Author Hannah Kent Discusses “Burial Rites: A Novel”


Burial Rites

Authors Alive Series
April 16, 2014

Intense loneliness and isolation bore down on Hannah Kent during her first few months in Iceland.

The author of Burial Rites: A Novel was a 17-year-old Rotary Club exchange student who traveled from her hometown of Adelaide, Australia to a small fishing village in northern Iceland in 2003. But it was January, a time of almost 24-hour darkness. And a combination of factors took its toll: the language barrier, stoic Icelanders, and a reticent host family. The son said one word to her the entire time: “hello” on her first day.

Her only comfort during the first few months was one shelf of English-language books in the school library. And a rare road trip with her host parents to the capital of Reykjavik revealed otherworldly landscapes tied to historical events. Those natural wonders compelled her hosts to tell story after story. One bizarre area Kent described as “pimples” in the earth – hundreds of small hills about eight feet tall – was the final resting place for a teenaged boy and young servant girl executed in 1830 for murdering two men.

Kent’s own story had a happy ending. She eventually learned the language, made friends, and moved in with a different host family.

But she couldn’t forget the haunting story of Agnes, who was dismissed as “a monster” by locals. Kent was fascinated and later became “obsessed,” as her mother calls it, with uncovering the young woman’s life. Who was she, and what compelled her to brutally kill two men? Did she really do it?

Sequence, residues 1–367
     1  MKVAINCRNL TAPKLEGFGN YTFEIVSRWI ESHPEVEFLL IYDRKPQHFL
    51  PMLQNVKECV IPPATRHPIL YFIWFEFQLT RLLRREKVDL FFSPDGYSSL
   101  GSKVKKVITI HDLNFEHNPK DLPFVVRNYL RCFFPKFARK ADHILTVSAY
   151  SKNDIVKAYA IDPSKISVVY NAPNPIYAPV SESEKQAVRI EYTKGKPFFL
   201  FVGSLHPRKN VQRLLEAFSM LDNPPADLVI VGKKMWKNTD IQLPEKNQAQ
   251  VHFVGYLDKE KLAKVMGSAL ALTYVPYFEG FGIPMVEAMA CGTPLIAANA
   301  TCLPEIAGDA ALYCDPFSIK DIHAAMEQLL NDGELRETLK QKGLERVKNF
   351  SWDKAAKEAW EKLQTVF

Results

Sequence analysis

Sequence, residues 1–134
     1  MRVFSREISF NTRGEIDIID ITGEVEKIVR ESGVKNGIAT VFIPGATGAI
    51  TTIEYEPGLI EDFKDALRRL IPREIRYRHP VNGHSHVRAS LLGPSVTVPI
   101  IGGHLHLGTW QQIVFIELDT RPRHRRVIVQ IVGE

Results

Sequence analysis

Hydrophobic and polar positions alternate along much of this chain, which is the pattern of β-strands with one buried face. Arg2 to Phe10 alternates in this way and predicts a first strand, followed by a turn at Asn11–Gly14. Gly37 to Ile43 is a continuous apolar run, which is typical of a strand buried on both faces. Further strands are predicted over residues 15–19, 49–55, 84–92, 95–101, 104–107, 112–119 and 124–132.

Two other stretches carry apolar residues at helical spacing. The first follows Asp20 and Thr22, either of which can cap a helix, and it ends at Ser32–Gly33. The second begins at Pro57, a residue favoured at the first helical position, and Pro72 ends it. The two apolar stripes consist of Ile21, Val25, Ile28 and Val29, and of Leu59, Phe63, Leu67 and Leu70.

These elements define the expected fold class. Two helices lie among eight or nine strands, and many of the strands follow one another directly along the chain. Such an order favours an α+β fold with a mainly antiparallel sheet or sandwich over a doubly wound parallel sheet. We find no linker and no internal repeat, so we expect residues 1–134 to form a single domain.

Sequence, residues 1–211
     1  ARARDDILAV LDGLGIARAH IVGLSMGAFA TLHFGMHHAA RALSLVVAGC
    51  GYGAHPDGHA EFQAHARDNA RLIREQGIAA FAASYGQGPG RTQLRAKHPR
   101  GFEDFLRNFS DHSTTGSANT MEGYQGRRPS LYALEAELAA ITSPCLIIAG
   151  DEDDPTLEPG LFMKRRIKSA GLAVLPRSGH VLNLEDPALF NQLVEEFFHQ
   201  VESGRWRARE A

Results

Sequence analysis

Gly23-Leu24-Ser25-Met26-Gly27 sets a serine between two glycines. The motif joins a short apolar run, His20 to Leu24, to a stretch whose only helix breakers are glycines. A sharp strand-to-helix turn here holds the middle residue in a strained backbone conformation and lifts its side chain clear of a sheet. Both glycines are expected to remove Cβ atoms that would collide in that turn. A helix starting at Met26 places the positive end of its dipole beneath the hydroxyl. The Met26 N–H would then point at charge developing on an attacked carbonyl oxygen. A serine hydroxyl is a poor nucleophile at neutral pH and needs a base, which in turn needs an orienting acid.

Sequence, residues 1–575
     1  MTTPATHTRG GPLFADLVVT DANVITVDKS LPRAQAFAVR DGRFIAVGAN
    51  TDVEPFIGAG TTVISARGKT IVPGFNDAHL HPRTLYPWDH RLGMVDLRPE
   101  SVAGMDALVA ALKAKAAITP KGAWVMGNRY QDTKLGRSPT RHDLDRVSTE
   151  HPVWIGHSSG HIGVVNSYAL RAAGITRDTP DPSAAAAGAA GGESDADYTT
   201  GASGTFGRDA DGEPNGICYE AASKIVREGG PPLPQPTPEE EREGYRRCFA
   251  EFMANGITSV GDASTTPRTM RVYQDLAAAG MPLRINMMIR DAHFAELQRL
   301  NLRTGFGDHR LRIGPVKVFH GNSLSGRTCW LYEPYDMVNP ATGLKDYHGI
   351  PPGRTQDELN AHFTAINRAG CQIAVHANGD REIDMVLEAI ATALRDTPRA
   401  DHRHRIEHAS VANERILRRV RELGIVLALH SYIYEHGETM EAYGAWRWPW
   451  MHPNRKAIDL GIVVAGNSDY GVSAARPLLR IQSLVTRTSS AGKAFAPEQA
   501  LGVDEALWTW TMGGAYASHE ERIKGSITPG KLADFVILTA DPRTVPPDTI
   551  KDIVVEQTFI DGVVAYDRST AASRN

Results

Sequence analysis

Kent, whose mentor is acclaimed author Geraldine Brooks, spent two years researching Agnes’ life for her PhD thesis. The result is an award-winning novel about personal freedom that her website says is “about personal freedom: who we are seen to be versus who we believe ourselves to be, and the ways in which we will risk everything for love.”

“I’ve always known what it is I want to do,” she said. Her love of books prompted her to declare her career goal at six years old. Her parents were supportive, but told her to chose an additional career so she could earn a living.

Worrying over it overwhelmed her love of writing by the time she needed to make decisions about university. It “made me want to run away,” she said. A school assembly focused on the local Rotary Club exchange program, and as soon as bell rang, she raced to counselor’s office for an application and to inquire about deferring college.

Burial Rites taught her how to write a novel, although she mentioned finishing two “terrible” novels that were in a drawer. “Two failures.”

I was the only audience member to ask about craft: “The story is compelling and your writing is so beautiful. Would you please describe your writing process?”

Sitting at a desk and writing was a very small part of the project, Kent said. “I wrote a lot of it in my head before I sat down.”

A morning person, she would start at 7:30 with the goal of writing 1,000 new words every day, “even if it was terrible, even if I just sat down and wrote I’m terrible at this” but got maybe one good sentence out of it all.

Sometimes she would finish done by 11 a.m. Other times she would be banging her head when dinner time came.

Kent’s discipline resulted in about 110,000 words. And the manuscript won her a two-book deal. Her next book is about superstition and folklore, and how dis-empowered people use them. “I’m interested in superstition as power play.”

Katherine Valdez blogs about writing and author events, and recently quit her job to write a novel. She eats a lot of ramen. Subscribe:, like:, and follow: @KatValdezWriter.

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